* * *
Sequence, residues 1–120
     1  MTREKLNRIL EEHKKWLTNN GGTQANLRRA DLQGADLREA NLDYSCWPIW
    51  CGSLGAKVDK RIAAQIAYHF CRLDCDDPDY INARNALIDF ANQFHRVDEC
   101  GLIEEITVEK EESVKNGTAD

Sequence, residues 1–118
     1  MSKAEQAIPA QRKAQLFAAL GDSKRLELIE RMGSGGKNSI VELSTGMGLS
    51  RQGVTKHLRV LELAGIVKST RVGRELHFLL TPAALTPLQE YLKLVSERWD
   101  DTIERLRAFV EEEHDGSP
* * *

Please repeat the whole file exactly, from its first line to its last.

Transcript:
Sequence, residues 1–120
     1  MTREKLNRIL EEHKKWLTNN GGTQANLRRA DLQGADLREA NLDYSCWPIW
    51  CGSLGAKVDK RIAAQIAYHF CRLDCDDPDY INARNALIDF ANQFHRVDEC
   101  GLIEEITVEK EESVKNGTAD

Sequence, residues 1–118
     1  MSKAEQAIPA QRKAQLFAAL GDSKRLELIE RMGSGGKNSI VELSTGMGLS
    51  RQGVTKHLRV LELAGIVKST RVGRELHFLL TPAALTPLQE YLKLVSERWD
   101  DTIERLRAFV EEEHDGSP